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Jeff Ballard: A Life In Music

Renato Wardle By

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AAJ: So these were records in your Dad's record collection, not so much ones that you went out and purchased yourself?

JB: Exactly. I was floating with what was there. That and one other record that my grandfather had of Sinatra and Basie, Sinatra at The Sands (Reprise, 1966), and that was really great too. And again that was Sonny Payne on drums.

AAJ: So were you attracted to vocal jazz? A lot of kids who connect with jazz are attracted more instrumental jazz featuring a lot of drums. But with Sinatra and Basie's Sinatra At The Sands, that record would certainly stick out and be more unique for a drummer.

JB: Yeah, but I think because it was a big dose of the big band arrangements of Quincy Jones. And Frank is what you'd call a real musician/singer. It was the instrumental side of it all that was really attractive to me. Later I was turned onto to the band Chicago. That was hip. And then there was a moment of listening to KISS a lot. James Taylor. Earth, Wind, and Fire. Jim Croce. Though most of all of that is great. Still it was something about the hipness that was in jazz. Something else was calling with that, you know?

AAJ: So right out of the gate with jazz music and then you pretty much stayed in that vein ever since.

JB: Yeah, and by changing schools a few times early on, maybe three or four times we moved and they'd say you know, "Well, what did you do in the last school?" and I'd say, "Well, I was in band." So the music stayed with me and I liked the people that were musicians, I mean they were all my friends.

AAJ: How encouraging were you parents with music?

JB: Oh great. They were letting me go. My dad had the mantra, "You know you have to practice. If you want to do this you have to practice. If you want the drums and you wanna do this, if you want the lessons, you have to practice. They were very supportive, though my mom was a bit nervous about my making a living doing it you know. But that wasn't even in my mind back then, it was just doing it and having fun.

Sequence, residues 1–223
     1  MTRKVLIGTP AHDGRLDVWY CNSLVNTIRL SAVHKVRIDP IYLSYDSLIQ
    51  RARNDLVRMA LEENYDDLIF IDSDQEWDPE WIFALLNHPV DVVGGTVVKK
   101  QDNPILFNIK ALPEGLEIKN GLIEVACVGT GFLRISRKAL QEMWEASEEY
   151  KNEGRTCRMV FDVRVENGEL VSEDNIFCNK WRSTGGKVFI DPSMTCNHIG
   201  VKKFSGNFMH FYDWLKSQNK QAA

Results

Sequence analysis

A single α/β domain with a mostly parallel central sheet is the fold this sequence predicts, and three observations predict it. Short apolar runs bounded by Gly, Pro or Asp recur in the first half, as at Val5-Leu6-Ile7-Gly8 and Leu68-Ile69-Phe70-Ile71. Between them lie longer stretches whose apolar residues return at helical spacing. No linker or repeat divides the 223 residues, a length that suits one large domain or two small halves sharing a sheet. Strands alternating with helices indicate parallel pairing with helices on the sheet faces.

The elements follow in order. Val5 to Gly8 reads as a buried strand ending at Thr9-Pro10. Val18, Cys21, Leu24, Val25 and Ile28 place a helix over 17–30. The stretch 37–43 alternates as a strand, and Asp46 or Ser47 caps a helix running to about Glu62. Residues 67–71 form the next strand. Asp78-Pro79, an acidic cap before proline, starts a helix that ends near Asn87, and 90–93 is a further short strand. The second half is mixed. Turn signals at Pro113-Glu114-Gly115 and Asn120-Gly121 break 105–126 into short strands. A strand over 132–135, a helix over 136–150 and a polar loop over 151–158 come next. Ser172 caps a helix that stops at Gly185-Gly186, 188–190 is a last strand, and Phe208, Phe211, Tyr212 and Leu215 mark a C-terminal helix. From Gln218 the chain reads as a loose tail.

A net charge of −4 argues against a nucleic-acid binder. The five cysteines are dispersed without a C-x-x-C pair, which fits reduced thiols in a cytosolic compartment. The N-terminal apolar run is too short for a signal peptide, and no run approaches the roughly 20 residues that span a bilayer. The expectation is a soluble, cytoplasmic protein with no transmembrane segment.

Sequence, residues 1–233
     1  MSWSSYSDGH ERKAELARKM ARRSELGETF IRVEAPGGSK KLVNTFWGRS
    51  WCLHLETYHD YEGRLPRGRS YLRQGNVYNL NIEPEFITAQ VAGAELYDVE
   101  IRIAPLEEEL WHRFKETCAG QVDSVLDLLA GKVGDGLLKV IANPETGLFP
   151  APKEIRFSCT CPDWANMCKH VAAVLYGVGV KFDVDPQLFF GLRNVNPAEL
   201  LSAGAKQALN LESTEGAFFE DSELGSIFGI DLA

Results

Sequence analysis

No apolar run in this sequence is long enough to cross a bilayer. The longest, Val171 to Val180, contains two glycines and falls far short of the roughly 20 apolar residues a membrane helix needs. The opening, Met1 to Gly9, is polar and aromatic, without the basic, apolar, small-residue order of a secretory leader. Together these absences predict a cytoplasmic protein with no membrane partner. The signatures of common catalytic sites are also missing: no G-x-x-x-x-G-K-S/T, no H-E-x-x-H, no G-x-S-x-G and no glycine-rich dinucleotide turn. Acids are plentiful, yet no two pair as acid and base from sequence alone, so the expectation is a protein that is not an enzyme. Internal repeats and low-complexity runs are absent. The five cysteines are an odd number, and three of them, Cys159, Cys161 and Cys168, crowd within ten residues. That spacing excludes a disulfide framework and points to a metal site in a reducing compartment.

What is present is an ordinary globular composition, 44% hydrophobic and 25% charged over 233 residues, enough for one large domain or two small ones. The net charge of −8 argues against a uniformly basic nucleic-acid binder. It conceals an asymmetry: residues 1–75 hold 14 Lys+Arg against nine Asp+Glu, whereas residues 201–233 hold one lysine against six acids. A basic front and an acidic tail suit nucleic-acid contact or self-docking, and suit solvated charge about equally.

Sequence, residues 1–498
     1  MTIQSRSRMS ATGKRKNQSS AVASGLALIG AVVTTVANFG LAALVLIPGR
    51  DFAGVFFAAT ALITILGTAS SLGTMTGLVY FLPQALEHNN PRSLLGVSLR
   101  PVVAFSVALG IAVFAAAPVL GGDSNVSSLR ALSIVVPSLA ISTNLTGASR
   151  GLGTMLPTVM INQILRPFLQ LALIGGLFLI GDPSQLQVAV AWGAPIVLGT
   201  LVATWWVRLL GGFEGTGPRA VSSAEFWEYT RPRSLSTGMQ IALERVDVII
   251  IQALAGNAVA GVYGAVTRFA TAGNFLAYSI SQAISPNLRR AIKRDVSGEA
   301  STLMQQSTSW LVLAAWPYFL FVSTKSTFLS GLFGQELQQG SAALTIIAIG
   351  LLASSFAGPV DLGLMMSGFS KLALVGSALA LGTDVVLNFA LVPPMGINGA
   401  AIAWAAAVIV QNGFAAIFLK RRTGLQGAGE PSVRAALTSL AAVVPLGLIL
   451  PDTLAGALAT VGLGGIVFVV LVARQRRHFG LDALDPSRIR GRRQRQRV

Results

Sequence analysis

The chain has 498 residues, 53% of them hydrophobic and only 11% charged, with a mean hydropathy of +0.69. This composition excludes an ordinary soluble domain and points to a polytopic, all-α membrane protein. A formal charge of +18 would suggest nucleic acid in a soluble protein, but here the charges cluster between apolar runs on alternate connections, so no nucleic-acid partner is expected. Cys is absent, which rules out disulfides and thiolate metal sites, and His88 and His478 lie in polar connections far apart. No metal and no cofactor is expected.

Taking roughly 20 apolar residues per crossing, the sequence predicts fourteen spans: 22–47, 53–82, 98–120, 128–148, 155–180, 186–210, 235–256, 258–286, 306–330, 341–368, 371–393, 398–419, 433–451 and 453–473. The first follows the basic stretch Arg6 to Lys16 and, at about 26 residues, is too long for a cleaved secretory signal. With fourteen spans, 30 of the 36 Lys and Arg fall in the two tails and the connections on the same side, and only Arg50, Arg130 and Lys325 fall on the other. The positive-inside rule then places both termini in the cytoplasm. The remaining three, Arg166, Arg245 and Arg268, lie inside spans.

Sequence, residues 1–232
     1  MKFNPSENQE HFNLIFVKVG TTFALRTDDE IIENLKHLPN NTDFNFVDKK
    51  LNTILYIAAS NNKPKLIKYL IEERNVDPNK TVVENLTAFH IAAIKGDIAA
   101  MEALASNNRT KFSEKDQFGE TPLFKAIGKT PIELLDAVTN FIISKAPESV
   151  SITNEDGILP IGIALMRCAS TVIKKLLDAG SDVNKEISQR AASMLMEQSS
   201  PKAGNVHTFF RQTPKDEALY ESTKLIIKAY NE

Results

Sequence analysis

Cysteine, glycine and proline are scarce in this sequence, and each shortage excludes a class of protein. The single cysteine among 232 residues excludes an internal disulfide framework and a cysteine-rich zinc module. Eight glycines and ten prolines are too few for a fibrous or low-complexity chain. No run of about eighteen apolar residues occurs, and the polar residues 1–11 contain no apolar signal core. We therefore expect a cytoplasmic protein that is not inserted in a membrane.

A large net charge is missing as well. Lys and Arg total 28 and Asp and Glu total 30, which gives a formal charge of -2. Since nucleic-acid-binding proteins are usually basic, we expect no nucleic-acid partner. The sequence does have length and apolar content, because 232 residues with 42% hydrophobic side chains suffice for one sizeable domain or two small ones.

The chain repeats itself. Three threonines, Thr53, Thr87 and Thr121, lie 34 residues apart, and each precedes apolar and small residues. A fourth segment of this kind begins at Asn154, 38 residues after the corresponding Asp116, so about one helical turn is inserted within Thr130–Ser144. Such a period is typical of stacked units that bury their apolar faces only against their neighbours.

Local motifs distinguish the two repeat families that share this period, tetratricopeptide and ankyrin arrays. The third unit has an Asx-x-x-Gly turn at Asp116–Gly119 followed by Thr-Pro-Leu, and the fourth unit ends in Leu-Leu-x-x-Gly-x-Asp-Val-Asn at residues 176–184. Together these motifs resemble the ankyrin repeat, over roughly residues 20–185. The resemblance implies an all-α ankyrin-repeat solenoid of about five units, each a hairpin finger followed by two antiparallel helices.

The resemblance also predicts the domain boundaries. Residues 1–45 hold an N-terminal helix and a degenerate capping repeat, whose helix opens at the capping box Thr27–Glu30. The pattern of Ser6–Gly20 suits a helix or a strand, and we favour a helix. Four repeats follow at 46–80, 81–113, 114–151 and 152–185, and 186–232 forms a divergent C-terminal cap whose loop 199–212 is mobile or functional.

AAJ: I know its a cliché question, but how old were you when you realized "this is it"? I mean there must have come a time when you thought, "All right, I am gonna do this." Or was it more organic, did it unfold naturally, with you falling into it?

JB: Yeah, it just came about gradually at first. There was a time when I got to play with people and got paid for playing. That was something like, "Wow, this is cool, let's keep going. Then the seriousness hit later and I really took playing much more seriously. It became more than just making a living at it. It was more of this is a serious thing—"I've got a hold of, can't let go now. It's like a sleeping tiger, you know? You've got a hold of it and you can't really let go now, you could wake it and it'll turn on you. [laughs]

AAJ: Right on. So the artist pursuance side of it really came into play then.

JB: Yes, I didn't have an artistic statement yet, but the animal, the organism of it, was very intriguing, very exciting to me.

AAJ: When you got to the college level did you have any musical experiences then?

JB: Yeah, there is a leap over there. There was a junior college, Cabrillo College, in Santa Cruz. It was a two year community college. And so while I was a junior and senior in high school I was also playing in a big band at Cabrillo. There was a great teacher there, Ray Brown. A trumpet player. And so I was kind of straddling things in high school: the sports, swimming and playing baseball, and then there was also the band and orchestra and the jazz band. Every Tuesday and Thursday I'd go to the college and go play there. Then it started to dawn on Me, "This is it! There were better charts at the college than at the high school and we read a lot. It was more challenging. There were great teachers there, Ray Brown's wife, Sue Brown led the chamber orchestra. Another great teacher who was there, Lyle Cruz, was very good with the way he dealt with the students, treating them more like professionals.

AAJ: Now where was your head with influential drummers, heroes, or idols at the time?

JB: At that point Steve Gadd was a big one. And then Ray hipped me to Four and More (Columbia, 1964) and My Funny Valentine (Columbia, 1964), [trumpeter] Miles Davis with [drummer] Tony [Williams]. And still Ed Thigpen was a big one. Max Roach also was in there as one of the first modern drummers that I encountered. Tony and Max were the big ones and Art Blakey also.

AAJ: Four and More is a mind-blowing record.

JB: Mind-blowing record! That changed my head, you know. And then I saw this drummer from San Francisco, Eddie Marshall, play and he was wonderful. He had that Tony-esque way of playing so I got to actually see it going on: all four limbs doing something else—doing something different from each other and that was just something, that blew me away. So apart from playing weddings, etc., early on, there was one friend who introduced me to some Cuban musicians and so I really started playing that type of music a lot early on too. With that band we were going around and playing in county fairs, that was a fun. Like a little mini taste of the road, you know?

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